A mentally ill defendant might eventually plead not guilty by reason of insanity, as Holmes did in the 2012 shooting at an Aurora movie theater that left a dozen dead. It would be up to a jury to decide whether the defendant knew right from wrong at the time of the crime — the state’s legal definition of insanity.
During Thursday's court proceedings, five deputies with black bands of mourning across their badges stood close by. Boulder police tweeted Thursday that they used the handcuffs of the slain officer, Eric Talley, to take the suspect from a hospital to jail earlier this week — and told him so.
Screenshots of what was believed to be Alissa’s Facebook page hint of fears that he was secretly being tracked on his phone and reflect his interest in Islamic teachings, immigration and martial arts. The screenshots and dozens of postings were captured by the online extremist tracking firm SITE Intelligence Group.
In July 2019, Alissa wrote that his phone was being hacked by “racist islamophobic people.” At another point, he wrote that his old high school had likely gotten access to his phone, asking Facebook followers for advice on how to stop it.
Alissa was convicted in 2018 of assaulting a fellow high school student, according to police documents. A former classmate told the AP he was kicked off the wrestling team after yelling he would kill everyone following a loss in a practice match.
After a white supremacist killed 51 people in the 2019 New Zealand mosque massacre, Alissa called the dead “victims of the entire Islamophobia industry that vilified them.” Three months later, he posted a link to a PBS story about how immigrants help the economy, writing, “Why refugees and immigrants are good for America.”
“What Islam is really about,” he wrote in one Facebook post that referred to a list of teachings from the Koran, including to “be good to others” and “restrain anger.”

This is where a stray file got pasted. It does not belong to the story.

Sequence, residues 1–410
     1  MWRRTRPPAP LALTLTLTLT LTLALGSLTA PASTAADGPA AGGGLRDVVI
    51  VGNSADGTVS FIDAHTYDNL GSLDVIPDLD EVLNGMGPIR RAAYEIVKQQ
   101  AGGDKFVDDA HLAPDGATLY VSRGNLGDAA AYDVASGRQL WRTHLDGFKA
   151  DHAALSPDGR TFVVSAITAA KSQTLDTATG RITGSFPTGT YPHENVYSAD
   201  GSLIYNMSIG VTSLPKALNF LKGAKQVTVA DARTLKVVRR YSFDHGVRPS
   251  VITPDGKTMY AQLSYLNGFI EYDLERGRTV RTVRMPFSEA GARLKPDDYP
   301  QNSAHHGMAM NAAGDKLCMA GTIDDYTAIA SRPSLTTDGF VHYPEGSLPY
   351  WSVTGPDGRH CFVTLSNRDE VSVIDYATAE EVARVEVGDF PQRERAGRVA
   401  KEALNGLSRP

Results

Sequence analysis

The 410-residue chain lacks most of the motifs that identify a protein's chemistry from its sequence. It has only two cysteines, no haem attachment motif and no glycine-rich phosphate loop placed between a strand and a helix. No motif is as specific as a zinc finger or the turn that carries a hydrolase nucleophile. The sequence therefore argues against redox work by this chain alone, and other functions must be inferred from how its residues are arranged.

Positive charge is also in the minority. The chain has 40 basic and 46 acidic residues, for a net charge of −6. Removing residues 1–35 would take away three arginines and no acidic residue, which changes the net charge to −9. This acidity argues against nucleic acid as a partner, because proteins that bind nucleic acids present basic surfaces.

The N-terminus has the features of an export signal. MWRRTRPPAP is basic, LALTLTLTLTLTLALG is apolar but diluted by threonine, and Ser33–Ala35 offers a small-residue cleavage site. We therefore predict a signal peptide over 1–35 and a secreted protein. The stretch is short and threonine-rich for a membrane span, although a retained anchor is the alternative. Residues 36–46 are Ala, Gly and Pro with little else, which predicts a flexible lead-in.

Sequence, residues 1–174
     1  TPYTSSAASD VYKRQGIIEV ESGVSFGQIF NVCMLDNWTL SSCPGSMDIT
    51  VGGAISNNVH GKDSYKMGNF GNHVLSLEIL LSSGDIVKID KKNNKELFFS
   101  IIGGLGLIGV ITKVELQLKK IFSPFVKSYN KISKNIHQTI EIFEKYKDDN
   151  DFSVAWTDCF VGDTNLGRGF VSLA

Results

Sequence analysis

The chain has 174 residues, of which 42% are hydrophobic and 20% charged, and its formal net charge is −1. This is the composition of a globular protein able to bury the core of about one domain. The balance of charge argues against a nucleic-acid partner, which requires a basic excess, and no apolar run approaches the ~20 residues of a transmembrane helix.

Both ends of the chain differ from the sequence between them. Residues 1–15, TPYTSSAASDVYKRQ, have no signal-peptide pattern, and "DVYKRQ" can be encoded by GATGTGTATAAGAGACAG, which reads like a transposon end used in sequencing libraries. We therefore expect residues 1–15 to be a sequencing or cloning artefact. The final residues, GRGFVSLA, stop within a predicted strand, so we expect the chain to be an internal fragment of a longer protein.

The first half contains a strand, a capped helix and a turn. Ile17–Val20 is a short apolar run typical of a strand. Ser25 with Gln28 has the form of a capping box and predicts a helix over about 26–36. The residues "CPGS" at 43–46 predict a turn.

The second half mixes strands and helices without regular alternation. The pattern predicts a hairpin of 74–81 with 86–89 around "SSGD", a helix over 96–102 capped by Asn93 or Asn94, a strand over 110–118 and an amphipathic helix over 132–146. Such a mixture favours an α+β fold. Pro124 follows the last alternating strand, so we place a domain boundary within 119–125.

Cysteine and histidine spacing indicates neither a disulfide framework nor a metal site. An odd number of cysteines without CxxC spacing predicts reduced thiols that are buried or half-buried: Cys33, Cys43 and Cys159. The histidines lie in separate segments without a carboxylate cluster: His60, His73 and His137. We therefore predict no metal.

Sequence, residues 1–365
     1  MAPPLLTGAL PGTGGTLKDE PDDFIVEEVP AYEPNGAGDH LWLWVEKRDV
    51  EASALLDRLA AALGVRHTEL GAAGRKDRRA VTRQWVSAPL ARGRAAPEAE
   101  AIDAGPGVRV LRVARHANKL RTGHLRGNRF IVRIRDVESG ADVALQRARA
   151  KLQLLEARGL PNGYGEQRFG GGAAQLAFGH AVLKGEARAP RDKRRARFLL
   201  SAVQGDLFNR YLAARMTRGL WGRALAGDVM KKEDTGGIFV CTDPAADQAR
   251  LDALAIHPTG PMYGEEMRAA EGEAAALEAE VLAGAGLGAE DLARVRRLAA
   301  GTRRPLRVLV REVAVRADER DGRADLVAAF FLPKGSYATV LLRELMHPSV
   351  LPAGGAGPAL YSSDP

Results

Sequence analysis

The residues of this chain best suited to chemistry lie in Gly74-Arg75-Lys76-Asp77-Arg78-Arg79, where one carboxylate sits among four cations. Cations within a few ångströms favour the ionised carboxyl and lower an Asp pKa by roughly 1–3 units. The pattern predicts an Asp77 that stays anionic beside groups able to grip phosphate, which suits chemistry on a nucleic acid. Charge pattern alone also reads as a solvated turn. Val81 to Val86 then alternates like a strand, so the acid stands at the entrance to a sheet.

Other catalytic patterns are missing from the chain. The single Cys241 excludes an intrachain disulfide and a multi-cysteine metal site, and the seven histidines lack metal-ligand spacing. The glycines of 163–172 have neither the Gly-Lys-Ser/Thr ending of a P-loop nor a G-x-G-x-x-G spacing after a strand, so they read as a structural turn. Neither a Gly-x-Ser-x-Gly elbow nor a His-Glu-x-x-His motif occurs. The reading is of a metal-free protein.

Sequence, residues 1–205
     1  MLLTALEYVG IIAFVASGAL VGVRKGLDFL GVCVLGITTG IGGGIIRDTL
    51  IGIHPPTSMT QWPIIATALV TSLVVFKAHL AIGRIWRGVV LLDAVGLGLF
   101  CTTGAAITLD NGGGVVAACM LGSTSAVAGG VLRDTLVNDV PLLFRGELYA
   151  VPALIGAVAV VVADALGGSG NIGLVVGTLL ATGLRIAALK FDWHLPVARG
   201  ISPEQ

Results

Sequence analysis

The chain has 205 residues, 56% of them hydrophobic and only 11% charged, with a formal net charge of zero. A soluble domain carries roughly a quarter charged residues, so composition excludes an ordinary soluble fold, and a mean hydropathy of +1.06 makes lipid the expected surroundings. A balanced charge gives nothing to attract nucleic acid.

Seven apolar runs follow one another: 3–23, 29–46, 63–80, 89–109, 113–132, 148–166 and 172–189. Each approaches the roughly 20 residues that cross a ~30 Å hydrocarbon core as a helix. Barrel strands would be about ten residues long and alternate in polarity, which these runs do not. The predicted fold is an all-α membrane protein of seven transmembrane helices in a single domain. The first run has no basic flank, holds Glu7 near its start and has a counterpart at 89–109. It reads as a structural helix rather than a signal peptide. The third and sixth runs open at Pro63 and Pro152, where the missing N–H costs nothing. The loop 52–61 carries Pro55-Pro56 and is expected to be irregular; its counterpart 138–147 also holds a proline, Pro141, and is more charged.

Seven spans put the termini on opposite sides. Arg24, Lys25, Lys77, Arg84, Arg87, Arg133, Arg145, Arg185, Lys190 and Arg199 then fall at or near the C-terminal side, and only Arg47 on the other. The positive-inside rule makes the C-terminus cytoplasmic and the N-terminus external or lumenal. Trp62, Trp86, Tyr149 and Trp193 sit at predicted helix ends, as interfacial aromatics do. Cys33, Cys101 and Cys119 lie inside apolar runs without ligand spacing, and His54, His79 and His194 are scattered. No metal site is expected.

In other posts, he urged followers to give to charity, described abortion as “disgusting” and said that he opposed gay marriage.
“There was no indication on his Facebook account that suggested radical views of any kind, whether it be Islamist, anti-Trump, or anything else,” said Rita Katz, executive director of SITE, which analyzed the postings. “He did mention Islam on his Facebook, but never to any extremity.”
Thursday’s court appearance was the first time Alissa appeared in public since his arrest Monday inside the King Soopers supermarket. He was last seen handcuffed and being led out of the supermarket by police. He had removed all clothing except his shorts before being taken into custody.
According to two law enforcement officials, Alissa was born in Syria in 1999, emigrated to the U.S. as a toddler and later became a U.S. citizen. He would need to be a citizen to buy a gun. The officials were not authorized to speak publicly and spoke to AP on condition of anonymity.
An AR-15-style gun recovered inside the supermarket was believed to have been used in the attack, said a law enforcement official briefed on the shooting who was not authorized to speak publicly and spoke to the AP on condition of anonymity.
Associated Press writers Bernard Condon in New York, Jim Anderson in Denver, Michael Balsamo and Colleen Long in Washington and AP staff members from around the U.S. contributed to this report. Nieberg is a corps member for the Associated Press/Report for America Statehouse News Initiative. Report for America is a nonprofit national service program that places journalists in local newsrooms to report on undercovered issues.